Nearly 35 Percent of Ohio Grade Schoolers Considered Overweight

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CLEVELAND -- Are school children in Ohio considered obese?  Ohio law requires school districts to conduct tests each year on students to monitor trends.  The tests results from last year are in and the results are a little eye opening.

If you have children entering kindergarten, third, fifth or ninth grade this upcoming school year, there is a good chance they will be tested in school for their BMI or Body Mass Index.

"Body Mass Index is a term that is used to describe how tall people are compared to their weight," said Carolyn Landis PHD and Licensed Clinical Psychologist for University Hospitals.

Schools are required to report their BMI test results to the Ohio Department of Health.

"I don't think that it is right.  BMI doesn't typically tell you the health of kids, it just tells you the weight," said Jacqueline Nunez a parent.

Last year, more than a third of schools chose not to provide or opted out of the BMI program. Many parents we spoke to agree that testing and charting kids for BMI maybe a little too much.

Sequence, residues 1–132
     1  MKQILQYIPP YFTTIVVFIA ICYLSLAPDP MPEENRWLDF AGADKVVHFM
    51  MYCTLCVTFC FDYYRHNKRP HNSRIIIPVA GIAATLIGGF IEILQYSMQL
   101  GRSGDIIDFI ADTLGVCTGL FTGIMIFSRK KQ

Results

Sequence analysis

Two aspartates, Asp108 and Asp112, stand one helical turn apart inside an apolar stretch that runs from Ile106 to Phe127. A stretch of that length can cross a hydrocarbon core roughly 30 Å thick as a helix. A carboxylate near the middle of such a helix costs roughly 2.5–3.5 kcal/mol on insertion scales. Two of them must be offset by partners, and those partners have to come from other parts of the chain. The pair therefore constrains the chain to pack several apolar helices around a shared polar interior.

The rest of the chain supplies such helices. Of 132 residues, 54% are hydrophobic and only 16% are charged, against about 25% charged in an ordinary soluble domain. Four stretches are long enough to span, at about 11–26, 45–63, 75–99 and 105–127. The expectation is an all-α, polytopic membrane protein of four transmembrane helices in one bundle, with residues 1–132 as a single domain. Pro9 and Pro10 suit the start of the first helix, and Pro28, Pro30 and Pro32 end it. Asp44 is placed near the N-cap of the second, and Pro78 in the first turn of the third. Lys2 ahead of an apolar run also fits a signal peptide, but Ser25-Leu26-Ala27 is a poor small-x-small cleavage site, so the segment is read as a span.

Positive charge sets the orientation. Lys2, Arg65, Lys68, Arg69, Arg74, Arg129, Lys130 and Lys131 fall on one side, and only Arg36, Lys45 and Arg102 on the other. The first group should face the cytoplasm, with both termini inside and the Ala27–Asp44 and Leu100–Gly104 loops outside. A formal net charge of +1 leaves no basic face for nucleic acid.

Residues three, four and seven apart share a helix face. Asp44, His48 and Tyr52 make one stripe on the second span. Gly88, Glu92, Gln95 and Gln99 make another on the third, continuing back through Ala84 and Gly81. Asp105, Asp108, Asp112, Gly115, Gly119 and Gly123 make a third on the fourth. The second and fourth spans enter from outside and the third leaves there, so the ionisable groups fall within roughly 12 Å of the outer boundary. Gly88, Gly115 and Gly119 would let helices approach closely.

"Schools need to educate our children about healthy eating but not necessarily put a tape measure to their waist," Christine Van Farowe said.

"I think if anything it's going to make the kids self conscience and its going to give kids reasons to pick on kids," added Nunez.

Of the children that were screened, using the Body Mass Index scale, nearly 35 percent were considered overweight or obese.

"Those numbers really fit with the national numbers in terms of about 30 percent of kids being overweight or obese," Landis said.

"I think we should take it as a warning and we should get our kids out more and make sure that they remain active," George Mossey of Cleveland said.

The Department of Health says the data should not be used as a statewide health indicator, but rather to bring awareness before obesity becomes a problem.

"It depends on how your kids is raised and what is in their genes you know my are healthy, they big boys but at the same time i'm short and their mother is short," said Tyrone Fular of Cleveland.

The report used data submitted by 213 Ohio school districts and non-public schools for the 2010-2011 school year.

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